Buzz: Food prices | IDA | Papua New Guinea

Stiglitz on the global economic crisis

Three years after the global financial crisis, some of the biggest names in economics came together with the International Monetary Fund to discuss what we have learned―and what we need to do differently. Hear what Professor Stiglitz, winner of the Nobel Prize in Economics, had to say.

Ivory Coast: UN warns of forgotten humanitarian crisis

As the world focuses on Libya and Japan, the Ivory Coast is becoming a forgotten humanitarian catastrophe. The UN refugee agency UNHCR says one million people may have been displaced by fighting in Ivory Coast.  BBC reports the UN aid agencies’ security struggles in Ivory Coast, which are worsening with serious funding problems too.

Port Moresby ‘Wired for Change’

Last week, PNG’s Prime Minister, Sir Michael Somare, was found guilty of misconduct and suspended for two weeks. Many reporters have covered the political drama in PNG, and Rowan Callick’s article for The Australian is well worth reading.

Social change: can networked activists achieve real change?

Or was Malcolm Gladwell right to argue, in a widely read piece, that networked activists are trivial and ineffective by comparison with the courageous sit-in organisers of the civil rights movement?

What matters most, according to Paul Hidler, is:

  • Spotting unmet needs or injustices
  • Working with the social grain
  • Coming up with an effective, empowering and sustainable response

Hidler argues that technology has repeatedly inspired changes in how we organise our societies and the challenge is to learn, innovate and adapt.

Youth to the rescue!

Youths played a role in bringing down some long-standing dictatorships and that may only be the start.  In contrast to traditional economists and political scientists, Charles Kenny, Center for Global Development, argues that a burgeoning young population signals improvements in quality of life worldwide and might help speed global economic growth.

Global Land Grab debate

In response to the Global Land Grab debate, IDS is releasing a report this week, coinciding with their forthcoming conference. The conference aims to identify global land grab trends, the key drivers, the winners and losers, and what policymakers, activists and citizens can do.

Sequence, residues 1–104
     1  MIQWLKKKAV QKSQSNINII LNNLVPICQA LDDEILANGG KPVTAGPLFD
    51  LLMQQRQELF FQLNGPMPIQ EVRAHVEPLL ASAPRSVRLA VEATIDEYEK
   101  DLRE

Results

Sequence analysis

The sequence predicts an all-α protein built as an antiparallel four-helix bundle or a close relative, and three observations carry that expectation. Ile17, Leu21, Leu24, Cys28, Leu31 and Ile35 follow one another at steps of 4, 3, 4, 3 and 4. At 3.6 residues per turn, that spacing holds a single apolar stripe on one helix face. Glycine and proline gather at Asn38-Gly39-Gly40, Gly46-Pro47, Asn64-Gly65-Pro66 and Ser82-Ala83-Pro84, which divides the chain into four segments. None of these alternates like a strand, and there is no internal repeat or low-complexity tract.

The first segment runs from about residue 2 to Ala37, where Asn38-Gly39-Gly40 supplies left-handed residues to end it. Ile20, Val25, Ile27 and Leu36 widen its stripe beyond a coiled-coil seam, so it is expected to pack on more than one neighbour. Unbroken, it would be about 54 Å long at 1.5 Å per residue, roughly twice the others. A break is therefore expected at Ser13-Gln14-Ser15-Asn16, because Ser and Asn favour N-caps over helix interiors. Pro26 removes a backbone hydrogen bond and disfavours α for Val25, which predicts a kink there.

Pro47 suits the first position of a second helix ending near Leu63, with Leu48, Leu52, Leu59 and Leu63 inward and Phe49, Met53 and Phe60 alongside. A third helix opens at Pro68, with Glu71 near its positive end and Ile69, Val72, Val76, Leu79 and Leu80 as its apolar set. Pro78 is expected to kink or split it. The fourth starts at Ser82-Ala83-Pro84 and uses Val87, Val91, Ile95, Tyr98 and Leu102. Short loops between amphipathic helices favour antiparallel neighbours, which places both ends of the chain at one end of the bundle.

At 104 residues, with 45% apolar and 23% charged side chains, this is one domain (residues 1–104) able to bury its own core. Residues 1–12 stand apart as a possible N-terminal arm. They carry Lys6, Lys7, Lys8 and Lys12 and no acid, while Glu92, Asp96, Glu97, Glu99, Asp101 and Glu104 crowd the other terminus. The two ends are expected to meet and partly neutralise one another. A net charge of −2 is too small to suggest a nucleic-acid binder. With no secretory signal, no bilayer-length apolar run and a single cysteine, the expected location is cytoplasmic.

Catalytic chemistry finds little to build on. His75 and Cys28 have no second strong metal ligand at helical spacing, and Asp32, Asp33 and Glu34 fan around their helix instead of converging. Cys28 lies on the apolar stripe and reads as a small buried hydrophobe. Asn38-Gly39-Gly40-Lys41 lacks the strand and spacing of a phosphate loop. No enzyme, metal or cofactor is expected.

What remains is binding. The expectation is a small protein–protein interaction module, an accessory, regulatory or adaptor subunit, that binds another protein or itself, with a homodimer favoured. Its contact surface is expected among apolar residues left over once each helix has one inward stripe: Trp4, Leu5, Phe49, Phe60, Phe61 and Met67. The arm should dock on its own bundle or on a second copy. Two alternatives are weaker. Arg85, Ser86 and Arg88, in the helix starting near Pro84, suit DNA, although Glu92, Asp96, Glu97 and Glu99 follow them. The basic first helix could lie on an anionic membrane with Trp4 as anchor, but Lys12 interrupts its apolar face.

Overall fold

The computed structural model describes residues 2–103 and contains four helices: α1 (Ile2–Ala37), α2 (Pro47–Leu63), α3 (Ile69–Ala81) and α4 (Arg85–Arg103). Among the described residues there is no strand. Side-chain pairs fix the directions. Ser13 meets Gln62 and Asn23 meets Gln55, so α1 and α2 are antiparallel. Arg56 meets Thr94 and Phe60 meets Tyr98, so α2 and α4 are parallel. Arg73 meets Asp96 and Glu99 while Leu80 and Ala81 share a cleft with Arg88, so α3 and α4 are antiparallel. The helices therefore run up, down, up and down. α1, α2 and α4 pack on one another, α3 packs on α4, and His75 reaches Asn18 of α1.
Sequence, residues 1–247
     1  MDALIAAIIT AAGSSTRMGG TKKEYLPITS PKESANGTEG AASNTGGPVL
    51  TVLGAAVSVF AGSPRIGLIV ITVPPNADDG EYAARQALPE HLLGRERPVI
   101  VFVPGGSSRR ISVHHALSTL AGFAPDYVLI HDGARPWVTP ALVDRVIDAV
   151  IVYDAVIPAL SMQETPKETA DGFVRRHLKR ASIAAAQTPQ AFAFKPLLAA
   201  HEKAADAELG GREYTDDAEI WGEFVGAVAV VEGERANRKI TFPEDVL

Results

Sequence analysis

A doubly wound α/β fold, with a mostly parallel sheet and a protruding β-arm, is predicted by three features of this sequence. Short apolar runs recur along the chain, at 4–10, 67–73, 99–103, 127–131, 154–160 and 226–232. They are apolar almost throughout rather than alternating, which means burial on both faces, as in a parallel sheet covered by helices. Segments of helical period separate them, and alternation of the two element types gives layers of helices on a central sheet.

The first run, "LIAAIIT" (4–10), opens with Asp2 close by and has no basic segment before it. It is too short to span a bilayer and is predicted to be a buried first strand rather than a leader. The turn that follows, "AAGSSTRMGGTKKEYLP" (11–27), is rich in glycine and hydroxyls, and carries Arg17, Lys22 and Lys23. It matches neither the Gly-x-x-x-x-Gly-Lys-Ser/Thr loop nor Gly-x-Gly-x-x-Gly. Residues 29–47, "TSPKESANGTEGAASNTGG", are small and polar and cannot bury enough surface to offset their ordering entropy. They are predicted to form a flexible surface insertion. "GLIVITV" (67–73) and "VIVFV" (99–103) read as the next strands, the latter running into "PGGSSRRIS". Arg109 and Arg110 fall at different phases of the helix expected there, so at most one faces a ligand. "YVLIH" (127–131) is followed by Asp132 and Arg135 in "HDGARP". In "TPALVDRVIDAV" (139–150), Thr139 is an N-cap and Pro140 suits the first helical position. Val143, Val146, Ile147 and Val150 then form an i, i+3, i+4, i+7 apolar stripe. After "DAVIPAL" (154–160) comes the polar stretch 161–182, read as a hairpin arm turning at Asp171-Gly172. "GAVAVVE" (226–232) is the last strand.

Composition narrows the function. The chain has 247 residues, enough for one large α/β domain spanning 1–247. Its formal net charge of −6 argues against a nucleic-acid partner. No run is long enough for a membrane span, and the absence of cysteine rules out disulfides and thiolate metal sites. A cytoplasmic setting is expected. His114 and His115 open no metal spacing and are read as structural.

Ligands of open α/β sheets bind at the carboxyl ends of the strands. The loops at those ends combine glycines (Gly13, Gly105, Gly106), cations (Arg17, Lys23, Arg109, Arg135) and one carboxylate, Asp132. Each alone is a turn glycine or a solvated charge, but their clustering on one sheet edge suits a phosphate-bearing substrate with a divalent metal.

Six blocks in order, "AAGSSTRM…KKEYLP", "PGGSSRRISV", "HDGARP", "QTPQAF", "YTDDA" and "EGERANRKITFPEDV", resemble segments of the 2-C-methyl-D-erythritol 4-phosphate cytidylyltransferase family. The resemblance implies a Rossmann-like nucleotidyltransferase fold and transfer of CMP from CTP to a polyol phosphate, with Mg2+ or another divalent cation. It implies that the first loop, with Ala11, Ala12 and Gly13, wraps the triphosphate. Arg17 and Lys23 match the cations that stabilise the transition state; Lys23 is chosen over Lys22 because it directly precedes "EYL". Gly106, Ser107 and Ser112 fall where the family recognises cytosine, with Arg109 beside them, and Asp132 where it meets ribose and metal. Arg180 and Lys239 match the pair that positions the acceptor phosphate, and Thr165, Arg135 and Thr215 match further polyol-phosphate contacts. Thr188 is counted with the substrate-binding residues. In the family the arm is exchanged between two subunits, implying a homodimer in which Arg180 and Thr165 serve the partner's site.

The Journal of Peasant Studies Forum on global land grabbing sets the scene:

  • Klaus Deininger promotes government-sponsored institutional support laid out in the 2010 ‘Principles of Responsible Agricultural Investment’ for land deals to be successful
    • Contrastingly, Olivier de Schutter is critical of the World Bank-led position about ‘managing risks while harnessing opportunities’ and proposes ‘Minimum Human Rights Principles’.
    • Tania Murray Li also critiques mainstream thinking on land deals and highlights labour consequences.

Open Forum on Food Prices

Rising food prices are causing pain and suffering for poor people around the world, driving 44 million people into extreme poverty in recent months. The World Bank has initiated an Open Forum from April 14-15 to help find solutions.  Join the 24-hour food crisis conversation.

What should international non-governmental organizations do differently in the next 5 years?

This was the question posed by Trocaire – one of Ireland’s most respected INGOs – in their Leading Edge 2020 report released last week.

Lawrence Haddad summarises the top 3 burning questions for INGOs that emerged from the report:

  1. Advocacy: how do INGOs protect their independence and ability to speak out on issues that may be unpopular with important stakeholders? To what extent does funding compromise stance?
  2. Downward accountability: How do INGOs ensure that they are as (or more) accountable to the people they reach as they are to the development partners that fund them?
  3. Flexible and responsive: How can INGO’s experiment and innovate without falling victim to development fads?

Haddad concludes INGOs should: be less obsessed with ODA and focus on other government departments; focus more on global public goods that your own government can affect, such as climate, trade, and security regimes; and try to focus on transformative actions.

Cash on Delivery Aid

Cash on Delivery (COD) is a hot topic in the blogosphere. Nancy Birdsall believes that COD Aid is easier than traditional aid for donor country taxpayers to understand and assess; after all the outcomes are measured and verified as a basis for the transfer of taxpayer money.

Nancy suggests that COD Aid will encourage citizens to focus on their own government’s performance rather than donor’s performance. Thus, it may be the best way to ensure aid helps trigger systemic and institutional change over the long-term. The key hypothesis worth testing has to do with whose performance is finally judged by citizens in recipient countries: the donor’s or their own government’s?

G20 appetite for anti-corruption reforms

The G20 to combat corruption? Ted Moran explains what’s creating an appetite for anticorruption action and how the Chinese are involved.  China’s National People’s Congress passed a slate of 49 amendments to the Criminal Law.  But the ultimate effectiveness of the amendment to prevent overseas bribery will depend on interpretation and implementation.

International Development Association needs a reinvention strategy?

According to new research by Benjamin Leo and Todd Moss, Center for Global Development, by 2025 IDA will be operating in a vastly different world, one with drastically fewer poor countries; IDA may only have 30 clients left – down from roughly 70 now. Moss challenges World Bank management and donors to begin exploring updated – or entirely new – business models for IDA.  Andy Sumner blogs about the implications for the aid system.

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